The ugliest fence abutting the perimeters of Delaware Park—at 175 Nottingham Terrace, the corner of Lincoln Parkway—has recently entered a new phase. It has now shifted from ugly to ugly plus PR.
Its two free-standing gates, as we reported here some time back (“Buffalo Ugly,” May 11), are twice as high as their City of Buffalo variance allowed. Then it turned out that the fence ran for twice the distance originally proposed, and was many times as ugly as anyone who knew it was coming might have imagined. That’s because the city variance hearing on Ugly Fence occurred a month before the publicly announced date of the hearing, so none of the neighbors who would have to live with this $800,000 monstrosity constructed by an absentee landlord even got to comment on how ugly it was and how much it violated the requested variance.
Most of the people who own property surrounding Delaware Park have managed their property in a way that is harmonious with the Park. They’ve respected and honored Frederick Law Olmsted’s notion that a park in the heart of a city (when he designed Delaware Park it was at the city’s edge, but he knew where the city would grow) should be part of everything around it. He included in his sightlines Forest Lawn, which was already there, and the Richardson Insane Asylum, for which he would design the grounds and make them contiguous with Delaware Park and Forest Lawn, creating a green space every bit as large and far more complex than Central Park in Manhattan. If you drive around the park you go through a variety of neighborhoods. They all, as the late Robert Creeley put it in a poem about something else, fit.
For the most part, there has been a wonderful collaboration between Olmsted and the people in Buffalo privileged to have been part of his vision. Buffalo’s civic planners ruptured his park design with the deadly expressway, route 198, and destroyed his most magnificent urban parkway to create the Kensington Expressway.
All that is old history; bad history; things we all know. But people these days are trying to resurrect some of Olmsted’s great vision for Buffalo, his greatest complex project.
Which is why, just about everyone owning a house or building surroundings the park has tried to keep their property harmonious with it: The owners of those houses look at Olmsted’s great work, and anyone in Buffalo who goes there takes pleasure in it, and we (we own one of those adjacent houses) try to keep Olmsted’s vision alive. Not for historical sentimentality but because it works. It’s one of the things that makes Buffalo a good place to be.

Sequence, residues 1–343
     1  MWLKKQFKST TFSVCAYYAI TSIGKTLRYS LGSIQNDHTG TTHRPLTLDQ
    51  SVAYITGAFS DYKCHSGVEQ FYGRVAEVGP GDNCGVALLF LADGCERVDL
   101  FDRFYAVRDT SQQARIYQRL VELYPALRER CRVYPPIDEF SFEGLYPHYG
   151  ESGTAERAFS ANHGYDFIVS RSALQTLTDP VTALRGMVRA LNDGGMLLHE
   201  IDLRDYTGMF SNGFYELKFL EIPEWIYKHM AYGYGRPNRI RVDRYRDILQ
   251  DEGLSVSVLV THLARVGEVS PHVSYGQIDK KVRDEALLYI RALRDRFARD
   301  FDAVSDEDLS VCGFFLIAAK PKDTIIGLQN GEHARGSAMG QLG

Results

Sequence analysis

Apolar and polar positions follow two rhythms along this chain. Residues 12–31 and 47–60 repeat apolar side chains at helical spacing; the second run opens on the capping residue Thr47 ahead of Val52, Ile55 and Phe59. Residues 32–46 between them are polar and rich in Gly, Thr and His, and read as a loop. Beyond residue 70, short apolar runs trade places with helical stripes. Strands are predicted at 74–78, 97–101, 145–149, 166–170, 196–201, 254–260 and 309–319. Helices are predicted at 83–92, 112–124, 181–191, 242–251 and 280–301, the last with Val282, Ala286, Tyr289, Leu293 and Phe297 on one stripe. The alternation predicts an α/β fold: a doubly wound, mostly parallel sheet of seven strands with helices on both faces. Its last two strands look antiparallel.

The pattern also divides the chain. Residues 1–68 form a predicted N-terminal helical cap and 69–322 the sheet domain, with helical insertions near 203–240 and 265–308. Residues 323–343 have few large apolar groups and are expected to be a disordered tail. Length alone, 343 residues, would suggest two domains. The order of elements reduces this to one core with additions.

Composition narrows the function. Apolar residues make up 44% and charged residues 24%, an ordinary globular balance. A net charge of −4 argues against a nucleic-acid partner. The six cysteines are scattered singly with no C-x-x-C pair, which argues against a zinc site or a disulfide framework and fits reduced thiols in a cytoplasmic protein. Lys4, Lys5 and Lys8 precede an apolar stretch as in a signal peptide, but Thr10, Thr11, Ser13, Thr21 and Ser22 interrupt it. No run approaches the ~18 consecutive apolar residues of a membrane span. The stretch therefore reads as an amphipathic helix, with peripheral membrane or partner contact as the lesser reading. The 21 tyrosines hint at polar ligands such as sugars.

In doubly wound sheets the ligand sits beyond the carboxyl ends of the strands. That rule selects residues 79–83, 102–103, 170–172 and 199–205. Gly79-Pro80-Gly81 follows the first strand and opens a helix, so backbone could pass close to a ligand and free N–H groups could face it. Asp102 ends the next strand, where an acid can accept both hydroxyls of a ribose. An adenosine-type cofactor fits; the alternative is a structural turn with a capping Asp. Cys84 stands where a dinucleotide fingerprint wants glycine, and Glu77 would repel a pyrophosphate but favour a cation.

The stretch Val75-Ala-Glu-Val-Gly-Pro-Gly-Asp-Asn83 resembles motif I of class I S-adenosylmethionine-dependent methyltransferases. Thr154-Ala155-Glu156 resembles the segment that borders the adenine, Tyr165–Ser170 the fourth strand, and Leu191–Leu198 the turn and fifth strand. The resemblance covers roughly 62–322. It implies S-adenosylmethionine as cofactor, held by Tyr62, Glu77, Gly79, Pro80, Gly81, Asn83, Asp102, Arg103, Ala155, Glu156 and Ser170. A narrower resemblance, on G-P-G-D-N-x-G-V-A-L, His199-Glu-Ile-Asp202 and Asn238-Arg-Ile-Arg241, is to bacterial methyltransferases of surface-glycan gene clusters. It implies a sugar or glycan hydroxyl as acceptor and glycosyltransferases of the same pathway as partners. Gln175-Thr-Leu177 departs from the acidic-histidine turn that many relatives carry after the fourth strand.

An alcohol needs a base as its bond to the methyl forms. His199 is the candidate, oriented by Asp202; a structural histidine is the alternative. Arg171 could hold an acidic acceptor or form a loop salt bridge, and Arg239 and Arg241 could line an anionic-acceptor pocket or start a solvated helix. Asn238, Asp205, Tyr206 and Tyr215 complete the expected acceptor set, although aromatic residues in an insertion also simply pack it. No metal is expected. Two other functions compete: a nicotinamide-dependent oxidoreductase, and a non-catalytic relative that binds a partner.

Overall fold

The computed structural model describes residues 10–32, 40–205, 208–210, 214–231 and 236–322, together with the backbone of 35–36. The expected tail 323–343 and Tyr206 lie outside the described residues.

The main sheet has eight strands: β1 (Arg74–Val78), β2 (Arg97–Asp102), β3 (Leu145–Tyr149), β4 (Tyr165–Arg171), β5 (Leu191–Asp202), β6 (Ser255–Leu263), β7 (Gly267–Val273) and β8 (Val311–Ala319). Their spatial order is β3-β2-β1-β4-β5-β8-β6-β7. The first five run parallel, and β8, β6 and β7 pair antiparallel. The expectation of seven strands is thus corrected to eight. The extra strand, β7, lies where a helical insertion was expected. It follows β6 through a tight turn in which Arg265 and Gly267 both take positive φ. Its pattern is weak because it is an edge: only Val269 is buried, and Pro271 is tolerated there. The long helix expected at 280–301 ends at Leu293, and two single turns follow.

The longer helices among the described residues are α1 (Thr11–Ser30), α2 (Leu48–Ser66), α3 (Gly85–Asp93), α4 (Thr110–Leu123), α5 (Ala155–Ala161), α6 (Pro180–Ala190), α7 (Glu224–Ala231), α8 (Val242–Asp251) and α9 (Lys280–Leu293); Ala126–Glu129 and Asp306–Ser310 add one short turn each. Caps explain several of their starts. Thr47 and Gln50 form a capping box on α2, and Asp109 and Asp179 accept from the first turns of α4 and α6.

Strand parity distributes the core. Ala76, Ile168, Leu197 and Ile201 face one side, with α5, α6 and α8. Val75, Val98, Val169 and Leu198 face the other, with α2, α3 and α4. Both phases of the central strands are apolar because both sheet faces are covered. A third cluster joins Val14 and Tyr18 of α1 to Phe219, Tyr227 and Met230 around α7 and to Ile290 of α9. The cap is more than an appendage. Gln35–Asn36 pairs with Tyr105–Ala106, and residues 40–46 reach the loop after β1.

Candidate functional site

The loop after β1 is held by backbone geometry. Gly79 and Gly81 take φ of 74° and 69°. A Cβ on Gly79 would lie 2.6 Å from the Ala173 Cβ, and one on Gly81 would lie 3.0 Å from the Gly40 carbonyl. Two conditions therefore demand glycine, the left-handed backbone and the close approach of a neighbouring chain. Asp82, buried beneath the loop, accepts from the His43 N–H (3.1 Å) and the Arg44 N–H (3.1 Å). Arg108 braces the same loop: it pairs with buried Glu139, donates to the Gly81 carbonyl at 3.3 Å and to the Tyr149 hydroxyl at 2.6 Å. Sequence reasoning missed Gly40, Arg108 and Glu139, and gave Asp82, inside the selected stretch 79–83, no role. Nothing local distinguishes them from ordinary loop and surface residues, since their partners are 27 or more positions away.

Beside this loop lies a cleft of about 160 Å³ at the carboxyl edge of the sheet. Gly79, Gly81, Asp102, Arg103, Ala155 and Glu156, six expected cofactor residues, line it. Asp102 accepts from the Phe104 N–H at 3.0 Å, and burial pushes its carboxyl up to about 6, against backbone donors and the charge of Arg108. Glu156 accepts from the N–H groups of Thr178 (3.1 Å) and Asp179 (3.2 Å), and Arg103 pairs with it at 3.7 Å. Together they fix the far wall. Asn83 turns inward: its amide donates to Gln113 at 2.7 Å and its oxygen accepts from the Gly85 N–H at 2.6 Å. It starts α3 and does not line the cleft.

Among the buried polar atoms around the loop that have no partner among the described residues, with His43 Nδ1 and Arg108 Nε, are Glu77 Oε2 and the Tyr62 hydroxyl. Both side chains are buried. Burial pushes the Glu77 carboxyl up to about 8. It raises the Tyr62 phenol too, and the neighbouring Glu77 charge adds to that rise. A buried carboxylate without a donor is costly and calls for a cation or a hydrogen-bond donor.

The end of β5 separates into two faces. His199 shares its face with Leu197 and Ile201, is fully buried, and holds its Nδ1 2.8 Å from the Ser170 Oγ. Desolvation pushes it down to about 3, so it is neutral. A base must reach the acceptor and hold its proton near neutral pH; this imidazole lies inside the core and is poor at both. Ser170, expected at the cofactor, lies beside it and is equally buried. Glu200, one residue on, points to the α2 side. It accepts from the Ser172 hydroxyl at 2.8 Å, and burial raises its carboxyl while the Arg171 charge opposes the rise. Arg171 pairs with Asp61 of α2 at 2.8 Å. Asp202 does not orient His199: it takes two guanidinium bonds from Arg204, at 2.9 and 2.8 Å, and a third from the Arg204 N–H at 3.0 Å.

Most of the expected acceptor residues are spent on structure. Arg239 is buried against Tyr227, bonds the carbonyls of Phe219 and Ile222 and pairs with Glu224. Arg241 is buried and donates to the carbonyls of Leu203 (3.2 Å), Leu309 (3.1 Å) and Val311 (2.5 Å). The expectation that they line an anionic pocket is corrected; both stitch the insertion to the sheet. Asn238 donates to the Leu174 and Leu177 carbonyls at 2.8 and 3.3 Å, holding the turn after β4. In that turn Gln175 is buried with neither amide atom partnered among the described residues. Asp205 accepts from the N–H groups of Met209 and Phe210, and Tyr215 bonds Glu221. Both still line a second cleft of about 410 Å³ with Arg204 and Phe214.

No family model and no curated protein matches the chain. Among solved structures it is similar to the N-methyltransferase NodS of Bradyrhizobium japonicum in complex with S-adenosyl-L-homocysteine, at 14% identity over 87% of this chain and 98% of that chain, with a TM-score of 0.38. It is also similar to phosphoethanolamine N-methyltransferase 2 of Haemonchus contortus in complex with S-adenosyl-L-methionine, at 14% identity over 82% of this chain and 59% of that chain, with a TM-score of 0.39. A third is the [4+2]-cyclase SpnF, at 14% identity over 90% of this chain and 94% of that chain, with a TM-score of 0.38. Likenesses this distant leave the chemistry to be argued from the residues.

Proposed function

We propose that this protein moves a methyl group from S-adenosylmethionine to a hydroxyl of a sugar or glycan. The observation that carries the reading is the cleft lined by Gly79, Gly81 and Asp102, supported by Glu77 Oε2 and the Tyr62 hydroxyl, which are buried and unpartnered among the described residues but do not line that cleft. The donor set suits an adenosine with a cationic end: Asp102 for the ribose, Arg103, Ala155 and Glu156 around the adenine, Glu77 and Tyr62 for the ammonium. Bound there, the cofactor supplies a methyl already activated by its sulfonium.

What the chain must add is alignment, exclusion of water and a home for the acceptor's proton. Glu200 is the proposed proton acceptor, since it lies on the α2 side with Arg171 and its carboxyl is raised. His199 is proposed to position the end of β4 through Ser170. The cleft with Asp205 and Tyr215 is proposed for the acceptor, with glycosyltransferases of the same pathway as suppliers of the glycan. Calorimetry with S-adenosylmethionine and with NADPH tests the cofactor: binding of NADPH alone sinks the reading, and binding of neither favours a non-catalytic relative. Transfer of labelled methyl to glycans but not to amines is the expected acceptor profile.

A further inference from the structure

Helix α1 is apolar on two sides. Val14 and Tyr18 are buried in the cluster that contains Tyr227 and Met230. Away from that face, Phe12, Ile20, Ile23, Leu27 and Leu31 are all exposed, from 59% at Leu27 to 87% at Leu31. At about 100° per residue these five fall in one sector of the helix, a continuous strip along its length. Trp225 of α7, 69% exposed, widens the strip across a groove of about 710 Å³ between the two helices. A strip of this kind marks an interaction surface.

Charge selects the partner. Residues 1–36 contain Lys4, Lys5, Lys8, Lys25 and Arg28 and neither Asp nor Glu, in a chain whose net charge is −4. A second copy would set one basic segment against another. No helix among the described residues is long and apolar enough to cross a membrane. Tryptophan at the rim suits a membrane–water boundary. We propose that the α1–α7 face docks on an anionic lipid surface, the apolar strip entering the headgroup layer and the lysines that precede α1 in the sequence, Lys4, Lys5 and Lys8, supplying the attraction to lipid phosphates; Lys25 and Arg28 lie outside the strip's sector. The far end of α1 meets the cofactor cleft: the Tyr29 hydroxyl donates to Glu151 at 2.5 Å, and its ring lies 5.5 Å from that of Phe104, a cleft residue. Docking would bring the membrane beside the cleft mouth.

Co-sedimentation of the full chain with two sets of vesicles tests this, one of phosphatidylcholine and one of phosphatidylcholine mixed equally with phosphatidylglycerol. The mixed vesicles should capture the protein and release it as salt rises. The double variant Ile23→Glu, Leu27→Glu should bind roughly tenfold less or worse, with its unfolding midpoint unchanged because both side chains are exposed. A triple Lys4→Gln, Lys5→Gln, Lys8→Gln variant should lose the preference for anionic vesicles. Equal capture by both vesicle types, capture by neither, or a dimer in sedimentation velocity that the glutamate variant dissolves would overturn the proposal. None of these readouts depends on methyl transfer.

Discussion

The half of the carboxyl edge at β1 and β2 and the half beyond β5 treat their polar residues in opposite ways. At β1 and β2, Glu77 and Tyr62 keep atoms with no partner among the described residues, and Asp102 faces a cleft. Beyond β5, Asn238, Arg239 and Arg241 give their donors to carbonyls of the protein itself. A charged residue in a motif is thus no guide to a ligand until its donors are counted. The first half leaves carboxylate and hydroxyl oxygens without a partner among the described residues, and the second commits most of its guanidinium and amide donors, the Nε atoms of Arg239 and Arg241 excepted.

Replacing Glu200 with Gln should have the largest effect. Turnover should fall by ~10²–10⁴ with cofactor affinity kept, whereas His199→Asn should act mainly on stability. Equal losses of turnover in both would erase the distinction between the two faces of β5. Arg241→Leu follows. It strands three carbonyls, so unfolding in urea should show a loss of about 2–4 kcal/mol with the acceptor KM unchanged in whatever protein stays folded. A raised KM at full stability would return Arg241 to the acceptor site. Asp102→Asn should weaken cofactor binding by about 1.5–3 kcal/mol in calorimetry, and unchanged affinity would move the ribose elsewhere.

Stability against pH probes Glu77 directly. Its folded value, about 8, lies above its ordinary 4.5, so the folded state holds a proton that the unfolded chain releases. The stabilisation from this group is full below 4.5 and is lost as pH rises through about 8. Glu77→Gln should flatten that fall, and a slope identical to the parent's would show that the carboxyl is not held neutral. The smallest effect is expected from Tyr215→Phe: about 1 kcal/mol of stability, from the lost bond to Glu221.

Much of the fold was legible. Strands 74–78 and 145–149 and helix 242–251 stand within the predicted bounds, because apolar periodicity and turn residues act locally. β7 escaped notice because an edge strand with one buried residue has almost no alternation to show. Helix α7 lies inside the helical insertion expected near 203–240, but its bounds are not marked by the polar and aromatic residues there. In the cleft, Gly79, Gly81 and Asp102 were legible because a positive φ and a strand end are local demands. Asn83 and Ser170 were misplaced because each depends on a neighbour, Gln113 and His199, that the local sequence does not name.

Drive around Delaware Park: With one exception, there are no ugly fences. There are no blocked-off places. There are some tall hedges, but they harmonize with the park. There are some low fences; they interfere with no one’s sightline.
The single exception is this one monstrosity at 175 Nottingham Terrace, at the intersection of Lincoln Parkway. For months, what was there was a huge ditch around the property with scores of small concrete pillars, and two huge ugly wrought iron gates.
The ditches were dug, the concrete pillars were set, the two fences went up, and then it stopped dead. I don’t know if people filed lawsuits, if the owners feared lawsuits, or if they just realized they were doing something really ugly. For whatever reason, no construction people have been on the site for months, the ditches have gotten uglier and uglier, and the two oversize fences have grown evermore absurd, and the mud ditches remain a neighborhood eyesore.
Scale, as Gulliver discovered while exploring the nipples of the Brobdingnagians, matters. Even something lovely, if it is blown out of all proportion to the world it inhabits, becomes freakish. Which is the case with this overbuilt $800,000 fence.
Right now, it is just those two huge gates that went up early (and violated the variance), and a lot of turned-up dirt and mud. It is the biggest eyesore around Delaware Park (save the 198, which is another story).
But there has been one development in this muddy saga that has been on hold for three months: The absentee landlords have now started PR. They’ve bought and mounted a big sign meant to tell us this eyesore is really okay.
A week or two ago, there appeared at the corner of the property a huge artist’s conception sign showing the complete fence, with happy young people strolling past it, and with the angle of vision slightly high, so you see the happy young people, the beautiful house, the manicured lawn.
It is still an ugly, clotted fence. And the vision you get in that poster of an artist’s drawing is one you will never see unless you go by the property on very tall stilts. From ground level, it is every bit and ugly and inappropriate as those two massive, illegal, and oversize gates.
The whole fence and this artful but finally silly poster say, “We own this place; keep your distance. We bought this big fat house. We don’t even live in it. We spent eight hundred grand keeping you at bay.” That is not what Frederick Law Olmsted’s gift to Buffalo was about. Who needs neighbors who think that to live in Buffalo they must first build themselves a prison?